Venture Capitals Committed To Black
Eligibility Criteria For Venture Capital
Most venture capital investments start with the submission of some form of business plan or deck. This document outlines the opportunity and the market. It may contain a review of the existing and expected competition and provide detailed financial projections. You will certainly need to provide details on the management of the company.
To make the best use of this resource, we suggest you research specific venture capital firms to find out exactly what they look for when it comes to eligibility.
Solution : Cultivate An Ecosystem That Supports Minority Founders
There are plenty of angel investors, entrepreneurship groups and social networks dedicated to supporting founders. However, the homogeneity of existing funding systems means that minority founders often lack connections to resources and investors.
Thats why its important to cultivate a startup ecosystem that supports minority founders. This means:
- Elevating the voices and experiences of minority founders
- Curating resources designed for the unique challenges that minority founders face, like pattern-matching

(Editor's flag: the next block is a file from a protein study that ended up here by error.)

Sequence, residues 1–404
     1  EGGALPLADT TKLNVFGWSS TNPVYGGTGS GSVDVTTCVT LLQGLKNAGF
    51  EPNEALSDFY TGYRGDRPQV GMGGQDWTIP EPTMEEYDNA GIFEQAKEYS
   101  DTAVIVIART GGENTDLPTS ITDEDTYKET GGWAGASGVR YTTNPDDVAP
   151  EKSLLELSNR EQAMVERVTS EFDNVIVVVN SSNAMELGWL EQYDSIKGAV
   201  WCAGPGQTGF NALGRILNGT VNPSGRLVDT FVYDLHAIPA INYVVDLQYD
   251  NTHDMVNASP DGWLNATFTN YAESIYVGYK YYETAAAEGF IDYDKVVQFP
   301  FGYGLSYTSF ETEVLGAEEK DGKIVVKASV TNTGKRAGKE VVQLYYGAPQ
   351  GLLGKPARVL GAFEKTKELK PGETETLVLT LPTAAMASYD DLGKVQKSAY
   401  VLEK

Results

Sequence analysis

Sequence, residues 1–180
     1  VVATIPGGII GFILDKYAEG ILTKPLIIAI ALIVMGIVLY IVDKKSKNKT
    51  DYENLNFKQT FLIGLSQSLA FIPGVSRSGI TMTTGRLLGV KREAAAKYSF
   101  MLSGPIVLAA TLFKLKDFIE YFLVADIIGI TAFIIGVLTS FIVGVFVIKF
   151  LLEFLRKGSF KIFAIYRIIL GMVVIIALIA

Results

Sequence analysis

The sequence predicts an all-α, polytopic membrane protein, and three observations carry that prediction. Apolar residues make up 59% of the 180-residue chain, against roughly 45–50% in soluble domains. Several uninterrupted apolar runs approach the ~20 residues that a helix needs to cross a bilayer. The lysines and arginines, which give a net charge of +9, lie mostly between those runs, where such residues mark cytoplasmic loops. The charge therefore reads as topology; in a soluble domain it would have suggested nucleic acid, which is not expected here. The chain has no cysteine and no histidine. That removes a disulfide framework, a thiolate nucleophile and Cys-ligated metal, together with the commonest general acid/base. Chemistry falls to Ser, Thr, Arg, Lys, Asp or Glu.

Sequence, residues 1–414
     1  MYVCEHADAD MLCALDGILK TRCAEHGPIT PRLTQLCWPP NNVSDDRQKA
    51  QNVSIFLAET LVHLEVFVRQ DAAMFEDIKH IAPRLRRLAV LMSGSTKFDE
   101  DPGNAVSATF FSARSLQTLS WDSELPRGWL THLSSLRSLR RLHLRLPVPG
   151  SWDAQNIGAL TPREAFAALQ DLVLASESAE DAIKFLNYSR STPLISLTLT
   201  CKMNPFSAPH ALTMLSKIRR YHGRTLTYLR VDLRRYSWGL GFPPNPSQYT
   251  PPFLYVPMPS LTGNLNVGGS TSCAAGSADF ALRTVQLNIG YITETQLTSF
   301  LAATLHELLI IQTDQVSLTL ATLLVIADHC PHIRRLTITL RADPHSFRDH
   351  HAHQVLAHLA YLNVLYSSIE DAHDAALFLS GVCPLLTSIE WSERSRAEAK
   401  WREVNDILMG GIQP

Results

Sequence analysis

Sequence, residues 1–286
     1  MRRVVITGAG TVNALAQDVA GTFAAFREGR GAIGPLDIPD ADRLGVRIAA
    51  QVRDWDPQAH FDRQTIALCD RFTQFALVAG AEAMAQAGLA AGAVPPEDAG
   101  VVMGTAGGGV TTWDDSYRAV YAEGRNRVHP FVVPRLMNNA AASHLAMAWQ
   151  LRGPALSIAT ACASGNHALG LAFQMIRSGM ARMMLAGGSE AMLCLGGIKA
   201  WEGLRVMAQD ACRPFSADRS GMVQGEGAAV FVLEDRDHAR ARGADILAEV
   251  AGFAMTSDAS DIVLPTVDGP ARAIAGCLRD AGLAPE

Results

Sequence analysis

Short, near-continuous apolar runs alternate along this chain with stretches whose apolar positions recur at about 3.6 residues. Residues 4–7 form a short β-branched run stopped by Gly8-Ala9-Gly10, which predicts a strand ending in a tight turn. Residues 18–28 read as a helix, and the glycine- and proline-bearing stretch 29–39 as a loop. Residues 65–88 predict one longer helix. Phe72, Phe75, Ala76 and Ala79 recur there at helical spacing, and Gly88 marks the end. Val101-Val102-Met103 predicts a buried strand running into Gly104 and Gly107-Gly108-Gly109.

- Establishing new funds led by and built for minority founders
- Developing social groups where minority founders can connect with supporters
- Normalizing that there is no normal founder journey and
- Continuing to challenge conscious and unconscious bias in the startup funding world.
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The Four Key Challenges You Need To Overcome
1) We Solve Different Problems and Have Different Solutions
Once I had a VC ask if I made up the word unbanked. After explaining it in detail, he couldnt understand how there are people in 2019 without a bank account. So, naturally my company was a big no for him. Sheena Allen, CEO/Founder at Capway
Not only do we exhibit some of the most critical attributes to bring an idea to market , but we also have a clear track record generating new social norms, adapting to changing landscapes, and instituting new cultural and institutional patterns. Joan Spearman, CEO / Founder at Localeur
We often come from different circumstances than the average founder and frequently have alternative world views because of this. So, its common that we see different large-scale problems and solve problems with different solutions.
When a founder is pitching a VC, the typical approach is to evaluate a company and gain a frame of reference through all the other deals theyve already seen. But remember you havent seen many Black founders, and this typical framework hasnt yielded diverse investments. This is known as pattern matching. When you dont meet many Black founders, youre likely not used to hearing about market opportunities you have no framework for. So, it becomes easy to say, I dont know if this is as big as you think it is, or I think its too early for us, keep me in the loop moving forward.